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Physical therapy and rupture of the patellar tendon

A patellar tendon tear is a painful injury that can affect your ability to run, walk, and participate in normal and recreational activities. A physical therapy program may be helpful for this injury. A physical therapist will assist you in the rehabilitation process by performing several key components of a program. These will allow you to increase range of motion, strength, decrease pain and regain functional mobility.

Anatomy and Function of the Patellar Tendon

It’s a ligament that connects to the shin bone from above our kneecap. A ligament, in medical terms, is connective tissue that binds our bones together.

The patellar tendon, though it links two bones, is still called a tendon. It is an extension from the quadriceps muscles. This large muscle is located in front of your thigh. It crosses your Patella as the quad tendon then the patellar tendon. It then attaches at the front of your shin to the quads, responsible for strengthening and extending the knee joint.

Signs

You should immediately seek medical attention if you feel your patellar tendon has ruptured. Your doctor or physical therapist will examine you and diagnose the injury.

  • You feel excessive pain in your knees
  • You can swell in front of your name
  • Walking and other activities involving the lower extremities can be difficult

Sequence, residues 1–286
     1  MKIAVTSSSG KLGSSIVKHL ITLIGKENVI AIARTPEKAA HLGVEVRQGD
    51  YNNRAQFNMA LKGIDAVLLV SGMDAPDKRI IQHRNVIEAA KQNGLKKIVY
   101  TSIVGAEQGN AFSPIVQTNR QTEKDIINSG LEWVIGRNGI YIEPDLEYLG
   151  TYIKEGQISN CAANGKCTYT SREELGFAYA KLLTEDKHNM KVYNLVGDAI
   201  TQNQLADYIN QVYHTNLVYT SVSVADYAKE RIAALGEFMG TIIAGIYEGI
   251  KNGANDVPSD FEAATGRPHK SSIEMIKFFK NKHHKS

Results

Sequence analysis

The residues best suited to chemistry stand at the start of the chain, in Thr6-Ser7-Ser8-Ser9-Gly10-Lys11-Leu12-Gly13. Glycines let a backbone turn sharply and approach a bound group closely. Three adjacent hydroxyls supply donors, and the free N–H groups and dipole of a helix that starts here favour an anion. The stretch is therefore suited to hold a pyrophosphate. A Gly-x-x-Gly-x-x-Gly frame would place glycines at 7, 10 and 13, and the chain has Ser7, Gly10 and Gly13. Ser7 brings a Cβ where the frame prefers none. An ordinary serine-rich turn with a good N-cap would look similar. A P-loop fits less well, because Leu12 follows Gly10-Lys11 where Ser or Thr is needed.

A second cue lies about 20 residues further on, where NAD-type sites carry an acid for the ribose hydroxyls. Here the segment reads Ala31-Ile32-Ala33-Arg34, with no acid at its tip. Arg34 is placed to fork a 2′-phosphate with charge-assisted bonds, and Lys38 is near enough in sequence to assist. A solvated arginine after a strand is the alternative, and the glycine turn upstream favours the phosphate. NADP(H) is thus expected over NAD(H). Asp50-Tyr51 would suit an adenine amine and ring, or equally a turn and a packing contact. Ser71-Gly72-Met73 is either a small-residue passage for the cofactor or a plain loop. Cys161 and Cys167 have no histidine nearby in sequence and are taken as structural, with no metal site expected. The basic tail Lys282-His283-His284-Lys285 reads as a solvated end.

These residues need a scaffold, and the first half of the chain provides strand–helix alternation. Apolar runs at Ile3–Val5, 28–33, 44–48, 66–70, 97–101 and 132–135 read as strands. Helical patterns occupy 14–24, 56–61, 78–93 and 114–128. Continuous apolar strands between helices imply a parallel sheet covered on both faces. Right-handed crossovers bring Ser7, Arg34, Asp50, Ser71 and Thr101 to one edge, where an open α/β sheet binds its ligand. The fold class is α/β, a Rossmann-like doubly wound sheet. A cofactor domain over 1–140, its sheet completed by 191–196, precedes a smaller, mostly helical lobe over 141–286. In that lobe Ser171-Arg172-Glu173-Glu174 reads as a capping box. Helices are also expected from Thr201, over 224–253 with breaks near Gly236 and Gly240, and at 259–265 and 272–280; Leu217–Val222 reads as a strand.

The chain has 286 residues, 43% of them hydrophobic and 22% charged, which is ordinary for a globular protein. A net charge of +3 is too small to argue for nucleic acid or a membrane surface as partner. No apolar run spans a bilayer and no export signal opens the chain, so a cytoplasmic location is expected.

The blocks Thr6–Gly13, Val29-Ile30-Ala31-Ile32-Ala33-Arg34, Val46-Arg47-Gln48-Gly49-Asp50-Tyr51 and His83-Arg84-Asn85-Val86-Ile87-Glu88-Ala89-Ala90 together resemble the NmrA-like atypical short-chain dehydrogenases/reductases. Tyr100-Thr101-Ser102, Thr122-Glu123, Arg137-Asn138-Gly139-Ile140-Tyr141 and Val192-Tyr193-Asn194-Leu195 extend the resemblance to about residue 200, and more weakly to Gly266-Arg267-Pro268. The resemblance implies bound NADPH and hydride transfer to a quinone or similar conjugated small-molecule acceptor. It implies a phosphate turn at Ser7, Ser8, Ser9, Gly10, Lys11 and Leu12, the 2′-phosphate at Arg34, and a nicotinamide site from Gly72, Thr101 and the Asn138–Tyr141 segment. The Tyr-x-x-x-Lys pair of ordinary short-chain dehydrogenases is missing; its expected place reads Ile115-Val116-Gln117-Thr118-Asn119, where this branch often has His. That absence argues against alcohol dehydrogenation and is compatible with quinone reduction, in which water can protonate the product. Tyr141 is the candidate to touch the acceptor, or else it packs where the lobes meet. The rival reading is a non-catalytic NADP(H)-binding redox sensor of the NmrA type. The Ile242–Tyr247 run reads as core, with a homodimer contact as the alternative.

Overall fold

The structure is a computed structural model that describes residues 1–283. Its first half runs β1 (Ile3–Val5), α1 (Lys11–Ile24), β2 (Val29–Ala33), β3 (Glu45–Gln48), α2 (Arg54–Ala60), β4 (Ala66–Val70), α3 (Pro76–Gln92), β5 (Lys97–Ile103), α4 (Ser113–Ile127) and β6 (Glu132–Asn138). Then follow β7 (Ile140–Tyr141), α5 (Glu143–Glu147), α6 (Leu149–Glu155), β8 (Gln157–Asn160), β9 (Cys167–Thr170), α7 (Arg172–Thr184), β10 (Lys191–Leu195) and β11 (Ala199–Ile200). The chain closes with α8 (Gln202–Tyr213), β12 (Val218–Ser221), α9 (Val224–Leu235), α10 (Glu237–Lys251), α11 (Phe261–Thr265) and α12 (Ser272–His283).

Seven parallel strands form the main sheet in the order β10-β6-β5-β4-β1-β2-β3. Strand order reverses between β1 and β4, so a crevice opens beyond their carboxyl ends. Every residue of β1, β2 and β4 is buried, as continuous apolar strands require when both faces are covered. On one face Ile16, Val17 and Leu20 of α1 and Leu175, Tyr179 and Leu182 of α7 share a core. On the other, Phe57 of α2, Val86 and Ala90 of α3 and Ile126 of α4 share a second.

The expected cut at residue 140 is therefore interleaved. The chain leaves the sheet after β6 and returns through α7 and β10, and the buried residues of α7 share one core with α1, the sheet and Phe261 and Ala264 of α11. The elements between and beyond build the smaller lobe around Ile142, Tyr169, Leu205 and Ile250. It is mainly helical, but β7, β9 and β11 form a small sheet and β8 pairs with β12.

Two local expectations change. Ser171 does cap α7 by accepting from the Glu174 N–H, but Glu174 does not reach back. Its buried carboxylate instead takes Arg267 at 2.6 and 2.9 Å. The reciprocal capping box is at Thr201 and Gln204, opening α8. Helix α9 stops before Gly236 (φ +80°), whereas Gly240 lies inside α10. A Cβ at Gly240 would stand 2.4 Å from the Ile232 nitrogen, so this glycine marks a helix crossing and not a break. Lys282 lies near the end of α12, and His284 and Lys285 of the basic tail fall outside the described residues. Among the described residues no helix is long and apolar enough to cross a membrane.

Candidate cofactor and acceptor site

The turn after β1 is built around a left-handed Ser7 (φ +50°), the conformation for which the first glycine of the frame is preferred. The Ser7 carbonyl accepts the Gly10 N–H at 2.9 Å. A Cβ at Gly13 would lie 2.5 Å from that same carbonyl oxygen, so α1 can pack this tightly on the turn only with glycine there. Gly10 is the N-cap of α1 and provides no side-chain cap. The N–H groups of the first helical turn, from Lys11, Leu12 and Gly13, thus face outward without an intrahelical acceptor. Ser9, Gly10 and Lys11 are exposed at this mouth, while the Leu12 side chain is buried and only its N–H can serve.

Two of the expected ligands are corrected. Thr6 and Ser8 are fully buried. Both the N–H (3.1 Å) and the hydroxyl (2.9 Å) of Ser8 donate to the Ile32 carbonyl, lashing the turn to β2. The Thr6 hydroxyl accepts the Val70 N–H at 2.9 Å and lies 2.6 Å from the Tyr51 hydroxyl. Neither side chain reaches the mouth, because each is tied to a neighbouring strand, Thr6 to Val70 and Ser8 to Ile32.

• It is difficult to fully extend your knee joint.

A physical therapist or healthcare provider will diagnose a patellar tendon injury. They will then perform an X-ray, mirror resonance imaging or MRI to confirm the damage to your knee. Depending on the severity of the injury, a decision will be made about whether to perform surgery or to immobilize the knee to allow it to heal naturally.

Patellar tendon physical therapy

Your physical therapist will first treat the patellar tendon by allowing you to rest, apply ice packs, compress the injury with pneumatic compression, as well as elevating it. You may be fitted with a cast or splint to cover your knee.

After a few weeks of rehabilitation, your physical therapist will begin to gently move your knee. These motions can either be active or passive. Next, several exercises will be performed by your physical therapy to increase your flexibility and range of motion.